He Thought, She Thought: Tricks to Interior Monologue

by Tim Kane

The debate between a first-person and third-person narrator can get heated. The key advantage to first-person is the total and complete access to the protagonist’s thoughts. But say you opt for third person, that doesn’t mean you can’t delve into your character’s mind.

I tend to write in very close third-person. That means, for all intents and purposes, I am writing in first-person, just using third-person nouns. I find that this actually sharpens the thoughts my protagonist has. For example, what I hate about first-person narration is the mechanics: “I opened the door and walked over to the closet.” No one thinks that way. And it’s this sort of thing that tends to dull down the real zingers that are my protagonist’s thoughts.

What follows are some tips to showing interior monologue, utilizing third-person narration.

Italics Are Your Friend
So long as you don’t have paragraphs full of your character’s inner most dilemmas, italics are a fine way to set off your protagonist’s thoughts. The downside: this limits your use of italics in other areas (for sound effects or titles of books).

Create A New Paragraph
Don’t fear the one sentence paragraph. Sometimes you can create a new paragraph just to contain your character’s thoughts.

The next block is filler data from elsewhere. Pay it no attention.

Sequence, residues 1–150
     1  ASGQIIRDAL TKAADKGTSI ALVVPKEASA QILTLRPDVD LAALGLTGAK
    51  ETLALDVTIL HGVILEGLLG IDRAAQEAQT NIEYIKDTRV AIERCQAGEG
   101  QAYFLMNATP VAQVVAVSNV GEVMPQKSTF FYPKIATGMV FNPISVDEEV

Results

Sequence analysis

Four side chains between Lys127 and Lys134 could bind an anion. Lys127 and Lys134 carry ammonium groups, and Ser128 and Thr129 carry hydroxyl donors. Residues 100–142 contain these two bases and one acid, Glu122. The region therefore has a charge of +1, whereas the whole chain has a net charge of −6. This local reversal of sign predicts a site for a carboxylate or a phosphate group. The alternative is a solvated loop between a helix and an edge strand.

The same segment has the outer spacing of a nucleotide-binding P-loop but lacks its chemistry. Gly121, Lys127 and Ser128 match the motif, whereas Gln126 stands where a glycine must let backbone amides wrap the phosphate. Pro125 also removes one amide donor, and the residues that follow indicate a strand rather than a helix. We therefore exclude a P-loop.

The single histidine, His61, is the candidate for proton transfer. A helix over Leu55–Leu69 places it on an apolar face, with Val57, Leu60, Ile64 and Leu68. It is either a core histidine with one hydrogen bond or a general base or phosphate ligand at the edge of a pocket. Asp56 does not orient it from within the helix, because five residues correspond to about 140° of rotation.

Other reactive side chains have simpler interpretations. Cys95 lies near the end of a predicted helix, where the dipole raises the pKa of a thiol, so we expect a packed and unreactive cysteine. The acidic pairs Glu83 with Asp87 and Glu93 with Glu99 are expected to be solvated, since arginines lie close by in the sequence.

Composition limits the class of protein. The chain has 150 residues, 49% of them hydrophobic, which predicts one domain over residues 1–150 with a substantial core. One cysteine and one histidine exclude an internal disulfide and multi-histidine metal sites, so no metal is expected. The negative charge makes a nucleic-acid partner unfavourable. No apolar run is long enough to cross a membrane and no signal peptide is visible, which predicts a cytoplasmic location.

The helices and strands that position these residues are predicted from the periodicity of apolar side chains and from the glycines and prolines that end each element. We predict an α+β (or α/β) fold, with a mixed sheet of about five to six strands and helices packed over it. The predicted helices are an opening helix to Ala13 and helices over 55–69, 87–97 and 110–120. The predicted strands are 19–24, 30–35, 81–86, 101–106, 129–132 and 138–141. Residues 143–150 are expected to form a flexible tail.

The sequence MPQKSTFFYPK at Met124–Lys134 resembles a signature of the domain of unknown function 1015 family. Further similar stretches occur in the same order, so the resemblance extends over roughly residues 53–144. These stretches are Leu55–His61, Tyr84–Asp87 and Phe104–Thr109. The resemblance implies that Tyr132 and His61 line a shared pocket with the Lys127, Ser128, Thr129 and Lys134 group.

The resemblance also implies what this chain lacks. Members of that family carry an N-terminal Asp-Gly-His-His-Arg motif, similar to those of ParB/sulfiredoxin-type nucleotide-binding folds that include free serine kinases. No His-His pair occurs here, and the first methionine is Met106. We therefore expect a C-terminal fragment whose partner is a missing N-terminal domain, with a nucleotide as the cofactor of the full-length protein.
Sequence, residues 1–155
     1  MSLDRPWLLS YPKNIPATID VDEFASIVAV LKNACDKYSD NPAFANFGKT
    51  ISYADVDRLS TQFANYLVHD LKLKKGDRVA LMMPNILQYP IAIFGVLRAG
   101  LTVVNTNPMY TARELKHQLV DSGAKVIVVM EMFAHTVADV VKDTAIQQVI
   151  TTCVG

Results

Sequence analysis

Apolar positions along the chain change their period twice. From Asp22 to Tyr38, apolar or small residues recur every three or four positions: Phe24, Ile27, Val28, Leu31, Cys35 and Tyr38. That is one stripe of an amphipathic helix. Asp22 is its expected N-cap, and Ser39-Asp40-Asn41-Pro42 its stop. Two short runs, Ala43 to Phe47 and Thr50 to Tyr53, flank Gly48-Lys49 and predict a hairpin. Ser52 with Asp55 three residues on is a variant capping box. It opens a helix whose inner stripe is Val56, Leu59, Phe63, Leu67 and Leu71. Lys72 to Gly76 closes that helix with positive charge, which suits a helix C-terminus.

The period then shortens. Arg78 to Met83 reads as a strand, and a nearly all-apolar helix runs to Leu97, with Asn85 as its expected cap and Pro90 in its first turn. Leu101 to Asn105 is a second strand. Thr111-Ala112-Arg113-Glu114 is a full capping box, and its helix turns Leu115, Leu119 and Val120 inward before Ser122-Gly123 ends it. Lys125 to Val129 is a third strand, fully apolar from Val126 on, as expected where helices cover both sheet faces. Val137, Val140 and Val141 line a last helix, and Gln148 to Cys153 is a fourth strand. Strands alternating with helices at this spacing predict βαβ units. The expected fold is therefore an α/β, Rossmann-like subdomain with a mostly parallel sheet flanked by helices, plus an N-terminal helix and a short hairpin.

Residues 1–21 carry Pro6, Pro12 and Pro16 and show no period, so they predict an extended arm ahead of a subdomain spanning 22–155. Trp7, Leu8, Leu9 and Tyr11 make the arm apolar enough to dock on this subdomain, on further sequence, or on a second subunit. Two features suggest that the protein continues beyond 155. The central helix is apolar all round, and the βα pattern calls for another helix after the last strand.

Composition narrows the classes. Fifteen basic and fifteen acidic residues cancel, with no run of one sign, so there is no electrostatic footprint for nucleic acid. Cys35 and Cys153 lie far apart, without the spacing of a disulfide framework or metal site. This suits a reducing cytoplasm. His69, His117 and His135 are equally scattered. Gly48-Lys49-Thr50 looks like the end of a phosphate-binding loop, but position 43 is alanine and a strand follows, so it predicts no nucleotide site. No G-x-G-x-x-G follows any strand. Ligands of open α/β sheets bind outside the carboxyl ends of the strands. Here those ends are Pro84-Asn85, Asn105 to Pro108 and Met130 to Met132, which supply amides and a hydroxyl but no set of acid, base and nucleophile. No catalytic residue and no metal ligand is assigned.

Interrupt the Thoughts
Instead of having a mega-block of stream of consciousness, you can create mini-pauses (or beats). The easiest way is the simple “he thought” or “she thought”. Even better, see if you can add a character action related to the thoughts.

Set Up the Reader for the Interior Monologue
Sometimes you’ve just had enough of “he thought” or “she thought” to show that the character is thinking. You could simply insert a character action and then let the thoughts follow naturally.

She shook her head. Where else was I supposed to go?

React First, Think Second
Ever grab a hot pan? I bet you didn’t think, “Damn, that burns.” No, you yanked your hand away and then cursed. Same with your protagonist. She’ll have some sort of physical reaction (from fear to queasiness) and then have a thought reaction.

Remember, first-person narration (as alluring as it sounds) doesn’t hold all the cards. Give third-person a whirl and insert those bits of interior monologue to give some insight into your character.

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About Tim Kane

Tim Kane is a young adult fiction writer.
This entry was posted in Writing Advice and tagged , , , . Bookmark the permalink.

5 Responses to He Thought, She Thought: Tricks to Interior Monologue

  1. lorageneva says:

    Reblogged this on lorageneva and commented:
    Really great advice! This is a trouble spot I have.

  2. I love close third person as a POV. I have two books in a series that focus on one character, and since it’s such a close third person, I didn’t use italics or “she thought.” I just blended thoughts into the narrative as indirect discourse. It was a lot of fun.

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